Evidence abounds of US police using excessive force against demonstrators across the country, and the use of UK-made riot control equipment in the brutality could spell trouble for the influential island nation.
As anti-racism protests across the US grow increasingly confrontational and violent, the UK’s Labour Party is urging the country to halt all exports of riot control equipment — such as tear gas, guns, and shields — to its ally across the pond.
After the murder of George Floyd on May 25, more than 400 American cities erupted in protest. As evidence of police using excessive force against demonstrators and journalists multiplies, Labour is calling for a review of the UK’s exports of riot gear to the US.
The center-left political party says in the past year, the UK has licensed exports of anti-riot shields, anti-riot guns and their components, portable riot control electric shock devices, and tear gas to the United States. If the equipment is used for internal repression, however, the sales contravene UK laws.
Labour is urging ministers to publicize information regarding the use of UK-made riot control equipment in US police operations against demonstrators. If it is in use, the party is demanding the immediate suspension of all future exports.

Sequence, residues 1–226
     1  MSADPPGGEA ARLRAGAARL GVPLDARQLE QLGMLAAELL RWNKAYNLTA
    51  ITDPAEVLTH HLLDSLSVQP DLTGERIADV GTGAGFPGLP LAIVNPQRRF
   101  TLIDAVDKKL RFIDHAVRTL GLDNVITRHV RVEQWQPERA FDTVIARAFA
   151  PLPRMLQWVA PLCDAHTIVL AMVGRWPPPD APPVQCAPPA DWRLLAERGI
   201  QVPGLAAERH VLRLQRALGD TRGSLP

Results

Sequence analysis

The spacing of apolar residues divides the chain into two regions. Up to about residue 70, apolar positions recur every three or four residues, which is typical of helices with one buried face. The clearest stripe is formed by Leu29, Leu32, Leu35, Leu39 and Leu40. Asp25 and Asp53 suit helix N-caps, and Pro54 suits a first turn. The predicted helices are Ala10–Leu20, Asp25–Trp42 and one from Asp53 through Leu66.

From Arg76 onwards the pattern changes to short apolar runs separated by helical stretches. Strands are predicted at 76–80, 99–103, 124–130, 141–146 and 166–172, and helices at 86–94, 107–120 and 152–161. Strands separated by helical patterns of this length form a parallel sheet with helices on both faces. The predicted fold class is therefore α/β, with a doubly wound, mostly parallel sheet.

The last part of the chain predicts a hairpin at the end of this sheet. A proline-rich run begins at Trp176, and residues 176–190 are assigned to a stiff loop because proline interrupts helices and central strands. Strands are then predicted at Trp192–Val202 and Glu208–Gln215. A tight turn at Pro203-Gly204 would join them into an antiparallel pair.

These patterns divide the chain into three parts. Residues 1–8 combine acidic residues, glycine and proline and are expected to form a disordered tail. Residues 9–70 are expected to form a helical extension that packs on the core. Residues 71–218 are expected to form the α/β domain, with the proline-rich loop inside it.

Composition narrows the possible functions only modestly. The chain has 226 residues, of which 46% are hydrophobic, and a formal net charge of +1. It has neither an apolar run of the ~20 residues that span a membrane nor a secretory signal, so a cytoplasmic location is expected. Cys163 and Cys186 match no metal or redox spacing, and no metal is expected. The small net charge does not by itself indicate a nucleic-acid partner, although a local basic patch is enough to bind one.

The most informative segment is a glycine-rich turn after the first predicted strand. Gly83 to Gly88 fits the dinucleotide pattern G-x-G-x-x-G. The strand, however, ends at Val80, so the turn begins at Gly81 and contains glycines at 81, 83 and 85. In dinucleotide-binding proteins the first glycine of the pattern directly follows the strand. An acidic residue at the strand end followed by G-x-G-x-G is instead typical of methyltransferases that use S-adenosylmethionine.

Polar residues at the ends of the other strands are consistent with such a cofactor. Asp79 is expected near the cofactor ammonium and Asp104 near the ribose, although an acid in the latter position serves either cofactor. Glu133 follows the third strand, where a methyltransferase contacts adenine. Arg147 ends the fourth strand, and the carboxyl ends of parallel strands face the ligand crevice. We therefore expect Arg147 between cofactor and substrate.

Shadow International Trade Secretary Emily Thornberry said American police have used “excessive force” against peaceful protesters across the country, including children. It is an “obvious matter of concern” that UK-made equipment could be used to “crush” legitimate demonstrations, she continued.
Thornberry urged International Trade Secretary Liz Truss to publish details of all current riot control exports and said ministers should not overlook their duty to protect human rights because of the UK’s close relationship with the US.
“It has been the policy of successive governments over the past two decades to refuse licenses for the export of arms and equipment that might be used for internal repression in the countries to whom they are being sold,” Thornberry argued in a statement.
“If there is a risk that any of these riot control projectiles and equipment are being used in the United States against peaceful, unarmed civilians, then the government must act immediately to stop their export,” she continued.
“The British public deserve to know how arms exported by this country are being used across the world, and the American public deserve the right to protest peacefully without the threat of violent repression,” she said.
Tear gas, rubber bullets, and flash-bang grenades